‘Smile love’ — it’s a phrase almost every woman has heard from a stranger as they’ve walked down the street minding their own business. But on Tuesday, Grace didn’t.
“Smile love, it might never happen.”
It’s a phrase almost every woman has heard from a stranger as they’ve walked down the street minding their own business.
But on Tuesday this was nationalised on a grand scale. 2021 Australian of the Year Grace Tame was told to “smile” by half of Australia and the thing that “might never happen”, already has.
When Grace Tame met Prime Minister Scott Morrison at the Morning Tea for 2022 Australian of the Year finalists, she did the one thing that appears to drive the public berserk. As a young woman she dared not to mask her true feelings and paint on a smile.
The backlash was swift. Journalist Peter van Onselen described her as “ungracious and rude” and Queensland Liberal Senator James McGrath criticised Ms Tame for her “childish” behaviour, suggesting she should hand back her award.
Anyone criticising Grace must have forgotten why she’s Australian of the Year and what she had to go through to stand where she is today.
In a powerful acceptance speech for the award last year she said: “I lost my virginity to a paedophile. I was 15, anorexic; he was 58, he was my teacher.
“For months he groomed me and then abused me almost every day. Before school, after school, in my uniform, on the floor.”
Tame found the strength to report and jail that vile man. And then through the Let Her Speak campaign, Tame had to fight to be able to legally tell her story and helped overturn draconian law that prevented her from speaking her own name in the media.
She didn’t do that by smiling and nodding her head when she knew something was wrong. She didn’t find the strength to speak out by being meek and agreeable.
Then, just weeks after Tame accepted her Australian of the Year award, news.com.au’s Samantha Maiden broke the story about Brittany Higgins who was allegedly raped by a fellow staffer in Parliament House. Mr Morrison floundered in his reaction until he went home and appeared to realise how serious it all was.
“Jenny and I spoke last night, and she said to me, ‘You have to think about this as a father first. What would you want to happen if it were our girls?’” Mr Morrison said of the issue.
“Jenny has a way of clarifying things. Always has. And so, as I’ve reflected on that overnight and listened to Brittany and what she had to say, there are a couple of things here we need to address.”
Tame said of this: “It shouldn’t take having children to have a conscience.”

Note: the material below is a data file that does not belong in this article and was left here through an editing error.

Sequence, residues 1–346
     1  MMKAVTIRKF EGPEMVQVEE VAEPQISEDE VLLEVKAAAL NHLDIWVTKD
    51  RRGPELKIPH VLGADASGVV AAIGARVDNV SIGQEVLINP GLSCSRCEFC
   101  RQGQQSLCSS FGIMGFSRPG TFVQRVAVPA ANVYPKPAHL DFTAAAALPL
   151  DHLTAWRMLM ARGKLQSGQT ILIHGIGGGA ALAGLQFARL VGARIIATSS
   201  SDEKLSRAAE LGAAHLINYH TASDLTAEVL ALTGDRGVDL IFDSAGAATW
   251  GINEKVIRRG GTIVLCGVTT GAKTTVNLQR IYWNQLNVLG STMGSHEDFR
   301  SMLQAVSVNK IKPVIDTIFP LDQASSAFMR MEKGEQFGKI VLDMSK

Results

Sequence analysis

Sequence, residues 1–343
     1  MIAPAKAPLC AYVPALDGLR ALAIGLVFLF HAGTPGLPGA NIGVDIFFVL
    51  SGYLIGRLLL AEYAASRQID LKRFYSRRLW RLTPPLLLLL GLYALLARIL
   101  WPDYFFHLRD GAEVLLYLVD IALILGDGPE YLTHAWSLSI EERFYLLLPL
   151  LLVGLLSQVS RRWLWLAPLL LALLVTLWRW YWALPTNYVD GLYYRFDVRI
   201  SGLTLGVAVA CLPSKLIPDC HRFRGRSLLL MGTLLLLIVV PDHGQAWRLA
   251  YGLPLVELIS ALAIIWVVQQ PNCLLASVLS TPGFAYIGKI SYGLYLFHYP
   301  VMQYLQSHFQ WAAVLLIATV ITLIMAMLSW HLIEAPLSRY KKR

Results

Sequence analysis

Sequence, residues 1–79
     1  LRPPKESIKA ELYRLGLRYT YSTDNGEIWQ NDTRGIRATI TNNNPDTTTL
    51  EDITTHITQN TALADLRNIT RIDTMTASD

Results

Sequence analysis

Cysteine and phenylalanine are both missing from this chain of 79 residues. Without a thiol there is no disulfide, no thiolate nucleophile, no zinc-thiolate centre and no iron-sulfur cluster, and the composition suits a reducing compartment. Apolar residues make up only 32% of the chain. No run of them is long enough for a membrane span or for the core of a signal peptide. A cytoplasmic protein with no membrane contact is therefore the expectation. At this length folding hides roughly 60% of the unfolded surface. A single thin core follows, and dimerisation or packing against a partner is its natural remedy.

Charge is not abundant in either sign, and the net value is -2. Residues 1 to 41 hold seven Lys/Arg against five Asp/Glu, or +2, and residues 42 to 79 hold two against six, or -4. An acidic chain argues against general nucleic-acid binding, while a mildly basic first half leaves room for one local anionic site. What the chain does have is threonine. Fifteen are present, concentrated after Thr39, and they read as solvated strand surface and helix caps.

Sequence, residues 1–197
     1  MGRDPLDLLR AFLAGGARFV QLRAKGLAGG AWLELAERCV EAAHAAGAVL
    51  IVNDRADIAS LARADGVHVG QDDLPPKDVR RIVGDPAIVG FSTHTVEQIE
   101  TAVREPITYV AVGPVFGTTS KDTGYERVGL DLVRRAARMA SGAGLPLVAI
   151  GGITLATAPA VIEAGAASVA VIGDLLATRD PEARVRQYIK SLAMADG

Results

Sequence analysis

And she’s right. To have the PM listen to Tame’s powerful Australian of the Year speech and then within weeks need educating about the trauma of sexual assault seems baffling.
Tame then teamed up with Higgins and they marched outside Parliament House for one of the many women’s March 4 Justice rallies taking place across the country as women’s anger boiled over and they fought for an end to gender-based violence.
“I watched as the Prime Minister of Australia publicly apologised to me through the media, while privately the media team actively undermined and discredited my loved ones,” Higgins said in a speech.
Mr Morrison told parliament he had no knowledge of any backgrounding “and would never instruct that”.
To add to this, Tame has also had to spend the past year retelling her story, retraumatising herself.
“Just because I’m been recognised for my story doesn’t mean it’s fair game anywhere, any time. It doesn’t get any easier to tell. I may be strong, but I’m human, just like everyone else,” she told the Australian Press Club in March.
Tame is an Australian of the Year who’s fought to survive, who’s been through something unthinkable and risen to thrive. It isn’t always easy to hear what she’s got to say but it’s damn well important she’s given a platform.
As our Australian of the Year she had a right to be at that morning tea and meet the finalists who will take on next year’s tenure. She also had a right to show how she really felt as she stood beside our Prime Minister who she may well feel has let her down.
Tame being given Australian of the Year was a triumph. She’s a trailblazer and a true force.
So what if she didn’t want to smile.